The file format can be copyrighted. Because somebody had to think up a way to store Microsoft Word documents into a single file, that person is converting a creation of the mind into an existing document in the real world. The file format is then considered an intellectual works.
If a file format is copyrighted, what happens is not what you have implied.
Let's say, for arguments sake, that Microsoft copyrighted their .doc format, and the people creating Open Office wanted to use that file format. They would need permission or need to pay royalties to Microsoft to use their program to store .doc files. However, Open Office DO NOT need to contact Microsoft to READ .doc files. A file format is a copyrighted method of storing files, not reading them. Anybody is allowed to read a file, provided they have the capacity to read a file.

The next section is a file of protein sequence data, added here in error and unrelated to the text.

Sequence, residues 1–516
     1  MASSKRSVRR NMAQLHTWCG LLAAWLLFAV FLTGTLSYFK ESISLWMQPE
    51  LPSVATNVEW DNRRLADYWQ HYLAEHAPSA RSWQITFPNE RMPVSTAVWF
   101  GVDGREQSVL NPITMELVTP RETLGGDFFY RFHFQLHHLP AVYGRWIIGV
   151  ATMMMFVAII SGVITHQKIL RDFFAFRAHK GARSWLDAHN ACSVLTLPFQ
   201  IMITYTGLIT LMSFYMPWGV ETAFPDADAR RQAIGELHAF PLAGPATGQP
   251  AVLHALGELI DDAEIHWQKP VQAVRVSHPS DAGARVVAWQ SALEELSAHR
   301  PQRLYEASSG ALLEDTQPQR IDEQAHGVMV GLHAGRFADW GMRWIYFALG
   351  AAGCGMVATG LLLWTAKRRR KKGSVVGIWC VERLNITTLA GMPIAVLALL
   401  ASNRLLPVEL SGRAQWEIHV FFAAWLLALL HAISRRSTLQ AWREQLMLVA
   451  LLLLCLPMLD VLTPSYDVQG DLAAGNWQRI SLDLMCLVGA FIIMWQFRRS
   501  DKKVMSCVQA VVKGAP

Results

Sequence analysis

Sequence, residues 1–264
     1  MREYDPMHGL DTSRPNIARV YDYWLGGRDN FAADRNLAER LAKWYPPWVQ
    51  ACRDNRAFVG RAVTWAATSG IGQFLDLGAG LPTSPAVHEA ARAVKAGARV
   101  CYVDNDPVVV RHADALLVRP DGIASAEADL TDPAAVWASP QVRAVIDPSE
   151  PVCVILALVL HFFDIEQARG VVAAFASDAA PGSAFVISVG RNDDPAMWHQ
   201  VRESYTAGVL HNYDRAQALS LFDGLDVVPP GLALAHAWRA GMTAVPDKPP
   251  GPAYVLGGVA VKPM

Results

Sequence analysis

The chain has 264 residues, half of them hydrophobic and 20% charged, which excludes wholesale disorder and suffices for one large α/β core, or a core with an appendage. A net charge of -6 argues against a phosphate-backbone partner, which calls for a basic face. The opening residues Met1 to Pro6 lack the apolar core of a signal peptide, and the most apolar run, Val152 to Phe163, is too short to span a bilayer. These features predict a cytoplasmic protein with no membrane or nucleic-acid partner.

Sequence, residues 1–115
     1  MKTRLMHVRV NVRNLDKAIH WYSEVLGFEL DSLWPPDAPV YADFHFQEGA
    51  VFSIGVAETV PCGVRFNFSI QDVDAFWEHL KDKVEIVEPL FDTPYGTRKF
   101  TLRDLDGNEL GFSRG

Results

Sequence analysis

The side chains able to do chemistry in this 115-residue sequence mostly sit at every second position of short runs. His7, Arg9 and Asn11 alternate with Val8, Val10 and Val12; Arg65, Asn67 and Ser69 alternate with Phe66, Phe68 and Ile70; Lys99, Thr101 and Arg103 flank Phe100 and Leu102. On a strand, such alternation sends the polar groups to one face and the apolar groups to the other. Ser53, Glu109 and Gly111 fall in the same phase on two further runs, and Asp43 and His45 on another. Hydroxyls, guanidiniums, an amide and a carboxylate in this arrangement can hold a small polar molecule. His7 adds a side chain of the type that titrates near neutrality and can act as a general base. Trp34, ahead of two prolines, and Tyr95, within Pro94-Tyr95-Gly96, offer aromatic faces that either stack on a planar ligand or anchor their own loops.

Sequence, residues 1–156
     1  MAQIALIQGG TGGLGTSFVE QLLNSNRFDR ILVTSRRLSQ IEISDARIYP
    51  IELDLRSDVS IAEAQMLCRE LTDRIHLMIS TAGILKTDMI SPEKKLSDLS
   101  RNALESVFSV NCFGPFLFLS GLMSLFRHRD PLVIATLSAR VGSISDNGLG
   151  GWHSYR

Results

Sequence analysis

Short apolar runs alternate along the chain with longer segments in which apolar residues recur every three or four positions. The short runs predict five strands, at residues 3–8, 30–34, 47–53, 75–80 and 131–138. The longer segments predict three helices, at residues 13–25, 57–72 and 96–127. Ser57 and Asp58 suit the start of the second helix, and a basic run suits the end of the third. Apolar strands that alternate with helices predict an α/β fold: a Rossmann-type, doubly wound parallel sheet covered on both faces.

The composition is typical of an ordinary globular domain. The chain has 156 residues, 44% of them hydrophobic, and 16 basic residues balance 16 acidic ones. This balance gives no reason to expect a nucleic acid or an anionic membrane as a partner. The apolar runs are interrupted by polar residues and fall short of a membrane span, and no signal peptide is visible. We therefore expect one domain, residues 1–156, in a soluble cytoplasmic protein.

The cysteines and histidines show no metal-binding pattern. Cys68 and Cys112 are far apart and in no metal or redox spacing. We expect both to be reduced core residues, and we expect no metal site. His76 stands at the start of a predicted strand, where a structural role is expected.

Do you understand so far?
Also, what you store in a copyrighted file is not copyrighted to the owner of the file format, but is copyrighted to you. In lamens terms, you are allowed to enter a program in a contest no matter what file type it is. They simply need to be able to read the file.
If the contest involved editing the program, then they would need the appropriate legal software to do that.
Any more questions?